Zion National Park 2006, Kolob Canyon, Del Taco, Utah

I had met a man from Kentucky at Bryce who suggested I should overnight backpack in the Kolob Canyon section of Zion since it is less populated than other areas of the park.  Along the way to get there I took route 14 in Utah.  The sign at the beginning of the road said that in winter one must have chains or snow tires on their car before entering.  Although my rental car was not winterized in such a manner I ventured forward anyway.  The road was absolutely spectacular in winter, I saw lots of mountains, snowmobilers and pretty views. Yes, the driving was more than a little treacherous.

Along the way I stopped off at Del Taco in Cedar City, UT.  
This joint has managed to marry the worst aspects of American and Mexican fast food.  Although the fish taco was excellent and served with a tiny lime slice, the combo burrito was pathetic.  I don’t know why they felt obligated to serve french fries with almost every order, French fries seem to be a staple food in Utah.  I have never eaten so many French fries in my life.  The service was dismally slow, I actually had other customers in line help complain about the slow service for my order.   Although my food was prepared and ready, the high school student behind the counter couldn’t grasp the concept of moving the food from the prep area to the customer.  The little sauce packs were better than Taco Bell, I brought some home, very tasty.

I found the Kolob Canyon area of Zion right off of Interstate 15.  I asked for a back country permit and the rangers were somewhat amused that somebody actually wanted to backpack in 60 degree F weather.  I guess it was too nippy for these folks in the west but just fine for an east-coaster.  The rangers told me I had the entire area to myself.

I only was planning to backpack 2 miles to the nearest back country site.  Along the way I met two people from Utah who were fly fishing outfitters.  They said to me, “Watch out for the cat!”

I replied, “What cat?”

They said, “You know, the cougars.  Their paw prints are all over the place.”

I jumped about 3 feet in the air.  I have some familiarity with bears but not cats.  I did not want to be a kitty smorgasbord that evening.  The two hikers did their best to calm me down.   They told me that only the cougars in California eat people, not the ones in Utah.  How did they know that the California cougars weren’t visiting their cousins in Utah?  Afterall, it is so close to the holidays.   Luckily, my evening was cougar-free.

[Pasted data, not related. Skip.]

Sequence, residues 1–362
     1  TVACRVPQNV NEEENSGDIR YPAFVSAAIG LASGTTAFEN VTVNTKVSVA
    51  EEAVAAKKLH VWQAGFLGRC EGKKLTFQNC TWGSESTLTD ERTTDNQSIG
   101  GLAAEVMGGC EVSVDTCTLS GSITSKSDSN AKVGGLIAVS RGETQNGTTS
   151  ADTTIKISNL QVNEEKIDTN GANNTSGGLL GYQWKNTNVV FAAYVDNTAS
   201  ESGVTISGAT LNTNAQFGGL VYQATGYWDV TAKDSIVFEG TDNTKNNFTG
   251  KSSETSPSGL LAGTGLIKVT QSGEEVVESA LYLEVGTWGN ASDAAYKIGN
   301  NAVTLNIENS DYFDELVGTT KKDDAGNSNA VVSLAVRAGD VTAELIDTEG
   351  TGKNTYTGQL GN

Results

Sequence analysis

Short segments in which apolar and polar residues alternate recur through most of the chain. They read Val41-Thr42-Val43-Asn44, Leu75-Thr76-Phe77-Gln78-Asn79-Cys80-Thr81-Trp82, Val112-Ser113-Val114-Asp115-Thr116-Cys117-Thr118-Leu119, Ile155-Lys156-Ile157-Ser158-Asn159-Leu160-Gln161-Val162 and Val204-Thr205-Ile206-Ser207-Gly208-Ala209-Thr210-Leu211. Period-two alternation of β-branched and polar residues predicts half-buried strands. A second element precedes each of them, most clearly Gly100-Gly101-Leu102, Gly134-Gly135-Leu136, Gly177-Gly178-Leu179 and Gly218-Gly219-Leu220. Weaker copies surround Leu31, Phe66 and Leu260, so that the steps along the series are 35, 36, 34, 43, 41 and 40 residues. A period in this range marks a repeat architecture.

I had desperately wanted to hike Angel’s Landing the next day, however, my feet were pretty beat up.   This was the second time in my life I was not able to hike this trail.  I guess it will just have to wait for another time.

  Pics are as follows:



Bryce Canyon 2006, Navajo Trail, Peekaboo Trail, Tropic, UT

I left Vegas and headed up to Bryce Canyon National Park without any type of hotel reservations and plans. I saw that the entrance to the park was very tourist oriented, which wasn't for me. So I drove past it and headed into the tiny town of Tropic, UT. I found a bunch of motels there but, strangely, none of them were open. I asked someone where I could stay and luckily one motel had reopened for the season, the Bryce Valley Inn. I introduced myself to the innkeeper, Wes, and was given a very comfortable room. I told Wes I wanted to do some serious hiking in the park and he suggested that instead of going through the park entrance I should begin my hike at the town of Tropic and go in the back way. This turned out to be an excellent idea. This way I started from the bottom and was able to go up and down twice. The views were spectacular, however, the weather warmed up to about 60 degrees F rendering the snowy trail into a mess of slush and mud. I was only able to hike 16 miles that day. I took lots of pictures.